What do KBB retailers pay their staff?
For an independent KBB retailer, working out what to pay staff can often appear like a black art. Toby Griffin looks at the variety of structures in use across the industry – what works and what doesn’t?
Is there a more closely guarded secret or difficult-to-manage area of your business than staff pay structures? Large businesses often have basic, supervisory and middle management roles that are visible and can be negotiated accordingly. Medium and smaller businesses on the other hand enjoy the flexibility to offer and reward team members based on individual skills and performance.
But, in general, remuneration in the KBB industry is highly varied and often hard to measure and compare. According to Tony Robson, MD of London-based KBB specialists Day True, “pay and rewards is my biggest conundrum.”
To break it into bite-sized pieces, let’s first consider the often complicated matter of sales-designers remuneration; then other roles including admin and support, and installers; then the theory behind connecting pay and performance.
So, let’s get started first with the front end of the business, the area that provides the money-in, through their sales-skills, design flair, and specification knowledge – the sales-design team.
More than any other area of a KBB business, the remuneration of sales and design teams across the sector and the country is highly varied. I know of a national kitchen retailer that pays its sales/design staff not much more than minimum wage with no commission or bonus. I also know of high-end independents who can pay top sales-designers sums approaching six-figures in a given year.
There is no doubt that experience, skill level and performance should be rewarded, but how this is done is the key.
The biggest and most talked-about variable is commission. Paid as a direct link to sales performance, commission can have a huge effect on the remuneration of a sales role. Having run KBB businesses that have sales roles that are salary-only with no commission; salary and some commission; and 100% commission; I was intrigued to see what the norm was across the industry today. I therefore issued a poll on Linkedin, asking “How does your company pay the sales team?”, and the results of the voting are in the chart above.
So according to the poll, more than four-fifths of sales roles offer a salary and commission; with only a small number offering a higher salary but no commission, and only a tiny number offering commission-only deals. There are lots of opinions as to why this is the case.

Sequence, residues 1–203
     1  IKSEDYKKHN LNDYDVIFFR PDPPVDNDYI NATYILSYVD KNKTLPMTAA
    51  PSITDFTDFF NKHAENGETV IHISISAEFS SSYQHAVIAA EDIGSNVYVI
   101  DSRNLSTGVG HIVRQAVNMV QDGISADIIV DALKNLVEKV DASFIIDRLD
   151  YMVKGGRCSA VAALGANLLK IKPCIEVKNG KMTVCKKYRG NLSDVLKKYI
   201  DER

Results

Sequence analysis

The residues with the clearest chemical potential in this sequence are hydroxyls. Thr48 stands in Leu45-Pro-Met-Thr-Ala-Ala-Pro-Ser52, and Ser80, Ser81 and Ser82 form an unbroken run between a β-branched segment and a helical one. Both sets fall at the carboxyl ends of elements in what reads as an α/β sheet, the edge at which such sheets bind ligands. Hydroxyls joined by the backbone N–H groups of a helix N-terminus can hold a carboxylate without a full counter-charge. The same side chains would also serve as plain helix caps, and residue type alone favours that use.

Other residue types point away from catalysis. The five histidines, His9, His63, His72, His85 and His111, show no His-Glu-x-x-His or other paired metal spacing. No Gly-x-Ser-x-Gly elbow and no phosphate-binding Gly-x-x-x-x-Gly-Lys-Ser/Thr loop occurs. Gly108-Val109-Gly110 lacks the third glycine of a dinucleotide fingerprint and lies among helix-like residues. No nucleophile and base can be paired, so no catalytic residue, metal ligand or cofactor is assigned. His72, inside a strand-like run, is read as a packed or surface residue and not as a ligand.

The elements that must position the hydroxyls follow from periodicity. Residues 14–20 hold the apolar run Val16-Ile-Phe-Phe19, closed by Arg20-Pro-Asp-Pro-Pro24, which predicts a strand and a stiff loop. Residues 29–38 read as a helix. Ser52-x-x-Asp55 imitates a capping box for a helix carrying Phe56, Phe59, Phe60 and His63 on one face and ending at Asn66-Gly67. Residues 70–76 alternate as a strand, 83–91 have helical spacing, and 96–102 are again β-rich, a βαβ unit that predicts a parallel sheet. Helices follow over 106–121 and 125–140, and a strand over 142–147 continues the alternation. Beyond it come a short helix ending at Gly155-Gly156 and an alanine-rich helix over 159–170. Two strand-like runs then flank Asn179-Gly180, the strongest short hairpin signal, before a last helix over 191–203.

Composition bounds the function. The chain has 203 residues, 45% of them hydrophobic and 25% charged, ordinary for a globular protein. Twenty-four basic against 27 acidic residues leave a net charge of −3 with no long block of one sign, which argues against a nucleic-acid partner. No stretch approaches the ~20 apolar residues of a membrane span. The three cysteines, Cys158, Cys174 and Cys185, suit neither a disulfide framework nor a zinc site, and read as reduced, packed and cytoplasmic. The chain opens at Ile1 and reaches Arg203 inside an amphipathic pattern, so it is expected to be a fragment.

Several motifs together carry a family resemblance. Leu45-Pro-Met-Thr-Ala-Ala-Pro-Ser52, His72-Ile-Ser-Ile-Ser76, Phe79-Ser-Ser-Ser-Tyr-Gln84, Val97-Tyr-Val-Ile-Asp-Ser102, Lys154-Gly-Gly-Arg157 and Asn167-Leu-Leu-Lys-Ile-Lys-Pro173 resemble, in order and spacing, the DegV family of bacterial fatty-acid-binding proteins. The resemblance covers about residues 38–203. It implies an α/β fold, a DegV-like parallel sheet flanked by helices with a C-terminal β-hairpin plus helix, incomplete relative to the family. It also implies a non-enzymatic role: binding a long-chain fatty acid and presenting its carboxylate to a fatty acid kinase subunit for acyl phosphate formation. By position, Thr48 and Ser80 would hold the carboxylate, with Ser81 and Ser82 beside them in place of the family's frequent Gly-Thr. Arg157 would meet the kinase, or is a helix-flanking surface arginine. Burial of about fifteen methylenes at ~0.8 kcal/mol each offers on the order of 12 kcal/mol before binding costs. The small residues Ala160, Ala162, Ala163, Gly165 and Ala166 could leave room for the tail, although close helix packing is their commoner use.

Award-winning designer Rini Vanchhawng says “I’ve worked with all three, and I find that salary with commission works best, as salary gives you security while the commission is what pushes you to work harder to earn as much as you can.”
Giving an example from my own experience, for two years I was sales director of Cavendish Kitchens and Bedrooms, in which our eight-strong sales and design team were all self-employed and 100% commission-based, and the business ran very smoothly with a great local reputation for service and quality. It seems though that this is very much the exception these days.
Elizabeth Pantling-Jones, managing director at Lima Kitchens in Milton Keynes, says: “We tried commission-only in the past, but it didn’t work as – due to the time from first contact to order – they weren’t able to build their pipeline for months, and therefore got no commission during this time. Also, it didn’t motivate the right behaviours.”
This sentiment is echoed by Tony Murphy bathroom sales manager at Tilestyle in Dublin: “People can go rogue if only commission-based.”
Lima Kitchens’ Pantling-Jones goes on to explain her company’s previous approaches: “Paying higher salaries with lower commissions to drive design and detail also has not worked, as there has been less urgency to ‘close’ and we have found this unsustainable. We have therefore settled on a basic wage with good commissions that is pooled between designers to drive teamwork, support, drive and a responsibility to not negatively affect other team members. Notably they must meet a minimum target for any payment to be made.”
Garry Milligan, CEO of the Federation of Kitchen and Bathroom Designers, has a similar viewpoint: “I think a decent salary and some commission/bonus is best. In the basic salary/high commission scenario, there is more scope for rushed appointments, lack of good advice and poor aftercare.”
The thinking behind the commission structure at Bathroom and Kitchen Planet in Stirling was swayed by previous experience, as showroom manager Scott Richards explains: “When I previously worked in kitchen sales at a national home improvement retailer, the salary was near minimum wage but with high commissions. This created an air of desperation, which resulted in tactics such as holding back sales to fall into the next month and stealing sales from colleagues when on holiday.”
So, with most sales-designer roles offering commission to a greater or lesser extent, the next question is, how is this calculated? Speaking further with Richards, he explains the approach they take: “Commission is calculated on the total sale amount (less VAT)”, and when asked about maintaining margins he says, “there are no minimum margins but discounting must be approved by management.”
- Read more about salaries and how they can affect your margins in the extended feature in kbbreview – found on page 45 in September’s kbbreview.